Sixth Elections: How hard will the ANC be punished for State Capture?
South Africans will deliver their verdict on an ANC government whose last term of office has been beset by corruption, state capture and poor governance when they go to the polls in the country’s sixth democratic election on Wednesday.
Voting stations countrywide will open their doors at 07:00 and will remain open until 21:00. More than 27m South Africans out of an eligible voting population of almost 35m have registered to vote.
The governing ANC will be looking to limit the damage wrought on its support base by years of scandal, while the DA – the official opposition – is under pressure to maintain its growth trajectory. Julius Malema’s EFF, formed in 2013 when he led his supporters out of the ANC, looks set to be the big winners with exponential growth in support expected.
The major battlegrounds will be Gauteng, the country’s economic centre, and KwaZulu-Natal, traditionally the anchor of ANC support, where the governing party’s majority is under pressure. And in the Western Cape the governing DA will have to resist a series of self-inflicted disasters and an assault by smaller parties if it is to retain control of the province.
News24 political analysts Ralph Mathekga and Dawie Scholtz agree the electorate will punish the ANC at the polls. The only question is by how much.
Mathekga said the ANC’s support is going “one way” and it seems to be down. “I think it’s pretty clear the ANC will be punished by voters. The only question is by how much. If, after everything that’s been said and all the unhappiness about the last five years they aren’t, then we’re going to have to ask some serious questions about this country.”
The ANC has been on a downward trajectory since 2004 when it registered support of 69.69% under the leadership of president Thabo Mbeki. In 2014 its support dropped to 62.15% and slumped to 54% in the municipal elections in 2016 when it also lost control of three metropolitan municipalities, including Johannesburg.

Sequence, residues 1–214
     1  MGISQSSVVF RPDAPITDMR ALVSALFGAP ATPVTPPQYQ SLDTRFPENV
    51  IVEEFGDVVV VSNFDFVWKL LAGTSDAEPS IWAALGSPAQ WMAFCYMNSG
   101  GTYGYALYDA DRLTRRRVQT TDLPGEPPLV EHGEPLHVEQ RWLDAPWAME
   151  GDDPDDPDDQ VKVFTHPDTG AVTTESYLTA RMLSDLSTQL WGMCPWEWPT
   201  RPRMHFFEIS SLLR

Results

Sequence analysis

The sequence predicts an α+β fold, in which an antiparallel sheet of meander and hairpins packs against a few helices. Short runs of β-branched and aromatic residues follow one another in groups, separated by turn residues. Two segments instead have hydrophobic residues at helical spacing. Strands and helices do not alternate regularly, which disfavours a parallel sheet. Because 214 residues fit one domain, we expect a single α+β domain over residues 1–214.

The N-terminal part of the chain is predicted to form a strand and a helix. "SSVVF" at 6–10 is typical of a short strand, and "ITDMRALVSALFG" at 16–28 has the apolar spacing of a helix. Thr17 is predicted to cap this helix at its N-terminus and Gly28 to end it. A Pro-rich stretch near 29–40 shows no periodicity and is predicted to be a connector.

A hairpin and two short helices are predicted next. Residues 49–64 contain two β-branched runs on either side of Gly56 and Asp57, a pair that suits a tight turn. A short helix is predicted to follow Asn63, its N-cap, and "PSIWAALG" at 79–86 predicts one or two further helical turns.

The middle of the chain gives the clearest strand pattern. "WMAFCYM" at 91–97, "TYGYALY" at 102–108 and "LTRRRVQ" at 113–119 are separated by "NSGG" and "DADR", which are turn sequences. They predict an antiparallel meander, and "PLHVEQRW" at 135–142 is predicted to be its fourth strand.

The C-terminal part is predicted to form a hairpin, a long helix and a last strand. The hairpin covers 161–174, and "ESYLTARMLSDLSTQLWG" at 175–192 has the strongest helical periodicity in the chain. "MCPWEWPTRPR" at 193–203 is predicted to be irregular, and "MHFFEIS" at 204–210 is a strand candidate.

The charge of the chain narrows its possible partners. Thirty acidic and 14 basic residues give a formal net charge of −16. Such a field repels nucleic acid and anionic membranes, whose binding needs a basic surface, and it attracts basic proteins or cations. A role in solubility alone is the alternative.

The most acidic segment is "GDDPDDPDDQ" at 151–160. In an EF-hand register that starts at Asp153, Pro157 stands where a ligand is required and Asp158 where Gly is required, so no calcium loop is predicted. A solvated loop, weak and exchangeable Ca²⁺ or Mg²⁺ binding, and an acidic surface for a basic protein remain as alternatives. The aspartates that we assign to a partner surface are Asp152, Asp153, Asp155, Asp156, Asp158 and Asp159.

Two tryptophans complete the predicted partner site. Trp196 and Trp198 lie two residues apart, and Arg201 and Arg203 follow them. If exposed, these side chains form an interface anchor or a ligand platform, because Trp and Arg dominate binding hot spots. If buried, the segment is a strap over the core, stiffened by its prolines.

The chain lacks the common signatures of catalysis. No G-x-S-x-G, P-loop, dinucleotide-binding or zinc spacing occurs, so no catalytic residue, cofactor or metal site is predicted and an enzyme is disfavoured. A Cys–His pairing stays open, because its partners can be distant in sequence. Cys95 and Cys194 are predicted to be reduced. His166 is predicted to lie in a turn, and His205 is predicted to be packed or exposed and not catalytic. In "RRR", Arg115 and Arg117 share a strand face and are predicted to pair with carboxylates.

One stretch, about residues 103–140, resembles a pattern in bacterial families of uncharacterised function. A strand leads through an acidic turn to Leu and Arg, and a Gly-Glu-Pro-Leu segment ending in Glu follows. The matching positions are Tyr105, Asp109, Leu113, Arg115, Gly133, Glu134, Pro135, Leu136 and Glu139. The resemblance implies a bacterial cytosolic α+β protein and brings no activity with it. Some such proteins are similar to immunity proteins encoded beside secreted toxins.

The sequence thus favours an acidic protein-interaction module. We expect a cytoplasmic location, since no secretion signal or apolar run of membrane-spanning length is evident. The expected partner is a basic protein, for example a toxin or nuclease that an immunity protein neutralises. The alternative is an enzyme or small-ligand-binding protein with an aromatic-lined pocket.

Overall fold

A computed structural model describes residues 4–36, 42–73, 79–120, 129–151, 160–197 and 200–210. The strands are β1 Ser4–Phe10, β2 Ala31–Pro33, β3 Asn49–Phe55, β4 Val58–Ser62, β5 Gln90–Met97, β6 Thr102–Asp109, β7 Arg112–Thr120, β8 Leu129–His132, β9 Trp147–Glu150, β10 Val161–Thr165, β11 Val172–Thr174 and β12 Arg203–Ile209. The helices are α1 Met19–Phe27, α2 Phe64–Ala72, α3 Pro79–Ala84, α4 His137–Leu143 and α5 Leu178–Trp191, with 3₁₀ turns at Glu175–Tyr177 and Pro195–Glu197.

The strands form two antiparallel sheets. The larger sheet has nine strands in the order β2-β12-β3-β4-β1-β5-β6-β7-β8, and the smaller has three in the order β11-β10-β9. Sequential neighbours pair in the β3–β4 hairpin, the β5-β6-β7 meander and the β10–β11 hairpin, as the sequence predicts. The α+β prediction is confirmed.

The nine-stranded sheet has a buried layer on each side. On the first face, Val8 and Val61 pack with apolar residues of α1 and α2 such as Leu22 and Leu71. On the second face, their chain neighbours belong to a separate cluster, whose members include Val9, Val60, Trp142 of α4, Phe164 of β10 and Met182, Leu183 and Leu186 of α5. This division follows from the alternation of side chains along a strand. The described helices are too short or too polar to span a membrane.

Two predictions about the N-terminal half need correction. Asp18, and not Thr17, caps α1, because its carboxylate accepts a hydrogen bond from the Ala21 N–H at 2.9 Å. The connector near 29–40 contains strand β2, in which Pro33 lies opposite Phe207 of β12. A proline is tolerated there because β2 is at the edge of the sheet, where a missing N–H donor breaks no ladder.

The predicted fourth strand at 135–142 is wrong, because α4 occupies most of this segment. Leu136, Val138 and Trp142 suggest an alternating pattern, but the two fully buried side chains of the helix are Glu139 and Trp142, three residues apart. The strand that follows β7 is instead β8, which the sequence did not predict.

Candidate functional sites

Scholtz believes there’s no doubt the ANC will dip below their 2014 levels of support. “They will do worse than their previous outing. I believe their range is between 55% and 60%.”
The election comes 15 months after the end of the scandal-ridden presidency of Jacob Zuma, who was deposed in February 2018. His term of office was characterised by state capture and corruption, with the governing party and the state seemingly beholden to private interests such as the Gupta family – who was very close to Zuma – and Bosasa, a company that used its proximity to the ANC to extract tenders from the state.
This has seen a number of crucial state institutions, such as SARS, the NPA and police, being attacked and undermined to prevent action against corrupt politicians, civil servants and businessmen.
The economy has also hit the skids over the past five years, with GDP growth stalling and regressing, debt levels increasing to its highest levels post-apartheid and the country’s investment rating suffering a series of downgrades.
Scholtz says President Cyril Ramaphosa is the ANC’s saving grace. “However, it is going to be interesting to see whether his popularity is enough to lift the ANC, or whether the brand damage done to the party is too extensive that even he cannot patch over the cracks. If the ANC can perform close to Ramaphosa’s popularity levels then they’ll do well.”
Beyond the ANC, Mathekga believes one factor that makes this election different from previous polls is the almost unanimous agreement among South Africans that something is amiss in the political system.
“This is so irrespective of political affiliation or persuasion. Almost every South African agrees something is wrong and that there needs to be change. I believe there has been a shift in sentiment since 2014 and what is going to be significant about this election is that it will reveal to what extent voters are honest with themselves.
“I will be disappointed if after this election there isn’t a clear message from voters about what they believe and what they reject,” Mathekga says.
Pollsters seem divided about what to expect from the election, with the country’s most prominent recorders of pubic opinion this election – Ipsos and the IRR – differing on their expectations.
Ipsos, who has proven to be accurate in the past, put the ANC’s support shortly before polling day at 61%, the DA at 19% and the EFF at 11%.
The IRR on Monday said its numbers show support for the ANC at 53%, the DA at 24% and the EFF at 14%.
Both were calculated on a voter turnout of between 70% and 71%.